Prasinohaema prehensicauda, a green-blooded lizard with high concentrations of biliverdin, or a toxic green bile pigment, found in New Guinea is seen in this image released May 16, 2018. Courtesy Christopher Austin/Louisiana State University/Handout via REUTERS
By Will Dunham
WASHINGTON (Reuters) – A group of lizards inhabiting the island of New Guinea boasts one of the most exotic traits of any animal: green blood. And scientists have been trying hard to figure out what benefit this characteristic — caused by high levels of an ordinarily toxic green bile pigment — may give them.
But these lizards are beginning to give up some of their secrets, including their evolutionary history. Researchers said on Wednesday a DNA study resolved their family tree, finding that green-bloodedness evolved four different times among lizards called skinks on New Guinea.
“Our key finding was that green-blooded lizards are not each other’s closest relatives, and they all likely evolved from an ancestor that had red blood. This means that green blood likely emerged independently in different lizards, suggesting that green blood has beneficial properties,” said evolutionary biologist Zachary Rodriguez of Louisiana State University’s Museum of Natural Science.
The high blood concentration of the green bile pigment biliverdin overwhelms the intense crimson color of red blood cells, resulting in a striking lime-green coloration of their blood, muscles, bones and mucosal tissues, said LSU biologist Christopher Austin, a curator at the museum.
High levels of biliverdin cause jaundice in most animals. But these lizards thrive despite biliverdin levels many times greater than the lethal concentration in people.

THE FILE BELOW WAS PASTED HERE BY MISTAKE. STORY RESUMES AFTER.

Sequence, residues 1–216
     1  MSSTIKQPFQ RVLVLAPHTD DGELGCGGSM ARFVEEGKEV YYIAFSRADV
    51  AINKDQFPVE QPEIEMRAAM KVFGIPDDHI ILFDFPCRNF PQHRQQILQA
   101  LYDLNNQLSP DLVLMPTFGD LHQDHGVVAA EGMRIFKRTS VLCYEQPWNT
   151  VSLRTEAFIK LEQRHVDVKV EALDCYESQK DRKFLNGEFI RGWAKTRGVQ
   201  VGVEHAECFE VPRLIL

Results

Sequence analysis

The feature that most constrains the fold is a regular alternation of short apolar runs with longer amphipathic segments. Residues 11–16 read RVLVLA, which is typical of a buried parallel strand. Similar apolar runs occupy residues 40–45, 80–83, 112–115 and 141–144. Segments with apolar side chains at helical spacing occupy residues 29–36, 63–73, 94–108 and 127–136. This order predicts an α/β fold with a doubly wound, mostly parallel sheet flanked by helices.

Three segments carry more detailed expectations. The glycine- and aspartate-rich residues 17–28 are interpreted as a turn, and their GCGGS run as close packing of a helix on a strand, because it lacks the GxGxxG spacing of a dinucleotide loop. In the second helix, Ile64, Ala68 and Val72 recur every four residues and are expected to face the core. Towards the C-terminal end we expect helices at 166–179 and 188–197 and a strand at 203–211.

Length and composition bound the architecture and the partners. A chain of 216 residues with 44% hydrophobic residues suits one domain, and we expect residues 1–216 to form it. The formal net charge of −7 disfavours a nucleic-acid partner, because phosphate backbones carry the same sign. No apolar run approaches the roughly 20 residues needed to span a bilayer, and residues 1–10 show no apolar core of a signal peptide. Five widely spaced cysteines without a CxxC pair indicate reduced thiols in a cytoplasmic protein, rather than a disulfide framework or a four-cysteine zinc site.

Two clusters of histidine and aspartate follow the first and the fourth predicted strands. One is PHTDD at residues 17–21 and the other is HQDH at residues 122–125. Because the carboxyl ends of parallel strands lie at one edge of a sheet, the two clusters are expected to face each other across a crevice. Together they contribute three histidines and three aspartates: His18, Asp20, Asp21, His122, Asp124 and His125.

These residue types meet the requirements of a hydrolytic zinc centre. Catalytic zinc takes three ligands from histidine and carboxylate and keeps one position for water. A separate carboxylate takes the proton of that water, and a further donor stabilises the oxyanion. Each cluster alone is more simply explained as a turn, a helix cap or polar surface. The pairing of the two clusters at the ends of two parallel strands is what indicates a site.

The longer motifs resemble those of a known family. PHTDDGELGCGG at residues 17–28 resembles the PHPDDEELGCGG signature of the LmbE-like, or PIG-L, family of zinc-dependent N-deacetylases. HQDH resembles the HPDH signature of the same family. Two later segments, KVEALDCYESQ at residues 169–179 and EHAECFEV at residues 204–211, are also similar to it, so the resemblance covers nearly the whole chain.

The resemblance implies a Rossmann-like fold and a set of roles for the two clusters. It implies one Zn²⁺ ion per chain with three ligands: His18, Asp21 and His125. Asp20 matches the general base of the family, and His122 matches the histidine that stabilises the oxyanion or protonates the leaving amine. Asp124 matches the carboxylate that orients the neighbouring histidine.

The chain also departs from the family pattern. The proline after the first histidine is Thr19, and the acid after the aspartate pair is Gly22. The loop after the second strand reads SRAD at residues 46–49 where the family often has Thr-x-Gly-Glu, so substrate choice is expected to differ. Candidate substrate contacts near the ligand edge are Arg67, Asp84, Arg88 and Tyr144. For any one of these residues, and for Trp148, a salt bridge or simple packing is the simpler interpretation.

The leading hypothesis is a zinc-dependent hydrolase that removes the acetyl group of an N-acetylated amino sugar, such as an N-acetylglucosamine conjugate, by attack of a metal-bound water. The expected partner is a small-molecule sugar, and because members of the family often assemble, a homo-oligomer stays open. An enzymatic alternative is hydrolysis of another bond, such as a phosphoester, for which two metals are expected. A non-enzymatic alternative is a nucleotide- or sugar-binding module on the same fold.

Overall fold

Scientists remain uncertain about the advantage green blood may provide the lizards. Several fish, frog and insect species also are green-blooded.
“Our current hypothesis is that this novel and toxic physiology might have evolved to reduce or preclude the infection of blood parasites such as malaria,” Austin said.
The researchers examined DNA from the six green-blooded lizard species and 45 closely related red-blooded species. They are now looking into the genes responsible for green-bloodedness, hoping an understanding of the genetic factors that let these lizards remain jaundice-free may lead to a cure for jaundice.
The green-blooded lizards, up to a foot (30 cm) long, live in lowland tropical forests and highlands on New Guinea, an island shared by Papua New Guinea and Indonesia.
“Oh, these animals are gorgeous, truly some of the most beautiful and enigmatic lizards in the world, living on one of the most megadiverse islands on the planet,” Austin said.
“They have other cool traits such as giving birth to live young and adhesive toe pads,” Rodriguez added.
The research was published in the journal Science Advances.
(Reporting by Will Dunham; Editing by Sandra Maler)
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